Understanding solicitous parenting and pain acceptance in pediatric patients with abdominal pain
Objective: The current study sought to explore how solicitous parenting predicts patient engagement in valued activities (i.e., activity engagement) and prioritization of controlling pain (i.e., pain willingness), two factors of pain acceptance. We also examined how solicitous parenting and abdominal pain severity interact to predict these two factors. Method: Participants were 119 pediatric patients seen for an initial evaluation in a multidisciplinary abdominal pain clinic. Patients met criteria for a Rome functional gastrointestinal disorder, and, as part of standard care, patients and their caregivers completed questionnaires assessing solicitous parenting, pain acceptance, and abdominal pain severity. Results: Greater negatively reinforcing solicitous parenting predicted lower activity engagement and pain willingness. Further, positively reinforcing solicitous parenting did not add significant variance in predicting activity engagement or pain willingness after accounting for variance predicted by negatively reinforcing solicitous parenting. Last, while negatively reinforcing solicitous parenting and abdominal pain severity did not interact to predict activity engagement or pain willingness, abdominal pain severity predicted significant variance in each facet of pain acceptance even after accounting for negatively reinforcing solicitous parenting. Conclusions: Results suggest that patients experiencing negatively reinforcing solicitous parenting may engage in valued activities less and be less willing to tolerate pain while prioritizing other life goals. Findings highlight the importance of monitoring parenting behavior and identifying goals that will encourage patient action in the face of increased pain severity.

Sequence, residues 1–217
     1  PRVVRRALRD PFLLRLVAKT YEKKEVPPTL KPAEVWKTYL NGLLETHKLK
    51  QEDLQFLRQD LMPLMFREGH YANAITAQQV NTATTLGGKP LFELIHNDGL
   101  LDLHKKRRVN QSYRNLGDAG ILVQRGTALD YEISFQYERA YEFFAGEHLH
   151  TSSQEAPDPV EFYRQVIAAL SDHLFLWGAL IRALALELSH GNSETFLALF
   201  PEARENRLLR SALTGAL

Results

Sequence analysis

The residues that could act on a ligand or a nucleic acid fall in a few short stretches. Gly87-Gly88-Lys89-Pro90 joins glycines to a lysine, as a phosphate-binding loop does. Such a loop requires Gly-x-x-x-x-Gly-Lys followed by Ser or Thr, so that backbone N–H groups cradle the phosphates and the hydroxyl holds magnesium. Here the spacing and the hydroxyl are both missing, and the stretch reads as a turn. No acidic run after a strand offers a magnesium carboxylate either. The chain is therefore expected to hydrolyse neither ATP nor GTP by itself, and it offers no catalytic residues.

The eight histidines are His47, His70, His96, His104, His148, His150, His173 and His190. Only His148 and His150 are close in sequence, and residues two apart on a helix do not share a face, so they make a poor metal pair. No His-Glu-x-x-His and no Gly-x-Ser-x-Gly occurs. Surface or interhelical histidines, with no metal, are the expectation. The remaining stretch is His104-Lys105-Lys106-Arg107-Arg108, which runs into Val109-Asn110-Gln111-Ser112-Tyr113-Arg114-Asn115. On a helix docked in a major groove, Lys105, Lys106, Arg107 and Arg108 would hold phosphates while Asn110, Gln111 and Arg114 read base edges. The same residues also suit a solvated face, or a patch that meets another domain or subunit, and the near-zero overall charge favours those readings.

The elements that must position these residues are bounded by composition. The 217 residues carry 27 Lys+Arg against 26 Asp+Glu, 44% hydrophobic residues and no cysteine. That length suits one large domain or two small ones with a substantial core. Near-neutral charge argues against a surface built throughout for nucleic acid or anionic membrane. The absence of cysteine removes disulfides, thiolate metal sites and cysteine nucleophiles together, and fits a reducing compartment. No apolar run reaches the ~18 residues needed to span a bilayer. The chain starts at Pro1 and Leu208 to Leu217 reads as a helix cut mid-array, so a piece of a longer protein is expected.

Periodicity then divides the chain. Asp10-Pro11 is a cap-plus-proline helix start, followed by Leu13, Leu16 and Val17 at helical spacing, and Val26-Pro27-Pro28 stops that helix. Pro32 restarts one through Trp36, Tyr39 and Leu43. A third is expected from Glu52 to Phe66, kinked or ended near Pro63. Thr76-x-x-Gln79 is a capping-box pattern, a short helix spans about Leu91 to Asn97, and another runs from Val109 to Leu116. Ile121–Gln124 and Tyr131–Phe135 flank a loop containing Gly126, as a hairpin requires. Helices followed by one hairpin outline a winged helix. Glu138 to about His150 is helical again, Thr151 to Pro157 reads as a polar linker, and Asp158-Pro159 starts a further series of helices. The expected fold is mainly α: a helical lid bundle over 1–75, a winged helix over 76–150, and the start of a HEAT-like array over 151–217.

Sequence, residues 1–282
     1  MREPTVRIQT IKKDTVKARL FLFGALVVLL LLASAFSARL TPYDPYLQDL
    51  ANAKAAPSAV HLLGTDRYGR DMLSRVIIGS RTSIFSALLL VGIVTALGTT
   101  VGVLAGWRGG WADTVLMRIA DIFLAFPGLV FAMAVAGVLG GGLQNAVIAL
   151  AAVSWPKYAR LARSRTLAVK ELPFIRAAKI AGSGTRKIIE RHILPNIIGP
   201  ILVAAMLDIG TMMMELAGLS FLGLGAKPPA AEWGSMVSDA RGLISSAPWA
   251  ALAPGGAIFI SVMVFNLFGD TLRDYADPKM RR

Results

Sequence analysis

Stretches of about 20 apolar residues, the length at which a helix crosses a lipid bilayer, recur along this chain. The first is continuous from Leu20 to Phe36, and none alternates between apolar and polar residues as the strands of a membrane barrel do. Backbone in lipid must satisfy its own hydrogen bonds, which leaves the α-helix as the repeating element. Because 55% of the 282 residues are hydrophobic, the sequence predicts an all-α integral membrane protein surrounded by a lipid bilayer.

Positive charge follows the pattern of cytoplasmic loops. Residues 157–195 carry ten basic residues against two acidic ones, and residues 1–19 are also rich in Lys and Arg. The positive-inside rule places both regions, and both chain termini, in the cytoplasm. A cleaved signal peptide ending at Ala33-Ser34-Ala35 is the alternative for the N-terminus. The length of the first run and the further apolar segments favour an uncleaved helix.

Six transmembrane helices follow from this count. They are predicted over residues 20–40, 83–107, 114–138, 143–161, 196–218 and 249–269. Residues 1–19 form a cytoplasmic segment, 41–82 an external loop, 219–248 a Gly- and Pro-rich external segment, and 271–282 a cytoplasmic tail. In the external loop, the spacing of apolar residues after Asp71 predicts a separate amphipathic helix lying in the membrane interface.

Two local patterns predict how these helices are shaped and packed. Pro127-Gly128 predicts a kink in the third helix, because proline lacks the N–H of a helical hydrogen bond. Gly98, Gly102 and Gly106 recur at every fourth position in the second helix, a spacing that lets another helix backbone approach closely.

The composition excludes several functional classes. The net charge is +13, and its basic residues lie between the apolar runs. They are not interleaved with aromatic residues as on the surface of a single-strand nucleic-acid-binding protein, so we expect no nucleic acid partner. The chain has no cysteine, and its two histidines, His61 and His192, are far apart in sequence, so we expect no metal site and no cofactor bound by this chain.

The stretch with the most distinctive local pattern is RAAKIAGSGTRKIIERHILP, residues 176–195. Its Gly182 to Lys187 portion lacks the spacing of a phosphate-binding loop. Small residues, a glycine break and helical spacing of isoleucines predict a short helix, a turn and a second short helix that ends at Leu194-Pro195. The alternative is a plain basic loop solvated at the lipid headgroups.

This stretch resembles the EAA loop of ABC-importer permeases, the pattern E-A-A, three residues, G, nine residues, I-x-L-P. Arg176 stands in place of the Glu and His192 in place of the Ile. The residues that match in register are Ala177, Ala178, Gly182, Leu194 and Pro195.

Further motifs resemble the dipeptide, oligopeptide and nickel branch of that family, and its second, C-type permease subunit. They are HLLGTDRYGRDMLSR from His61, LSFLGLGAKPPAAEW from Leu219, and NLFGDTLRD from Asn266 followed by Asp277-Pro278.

Clinical Practice in Pediatric Psychology
Wagoner, S. T., Deacy, A. D., Friesen, C. A., & Schurman, J. V. (2023). Understanding solicitous parenting and pain acceptance in pediatric patients with abdominal pain. Clinical Practice in Pediatric Psychology, 11(1), 52–57. https://doi.org/10.1037/cpp0000439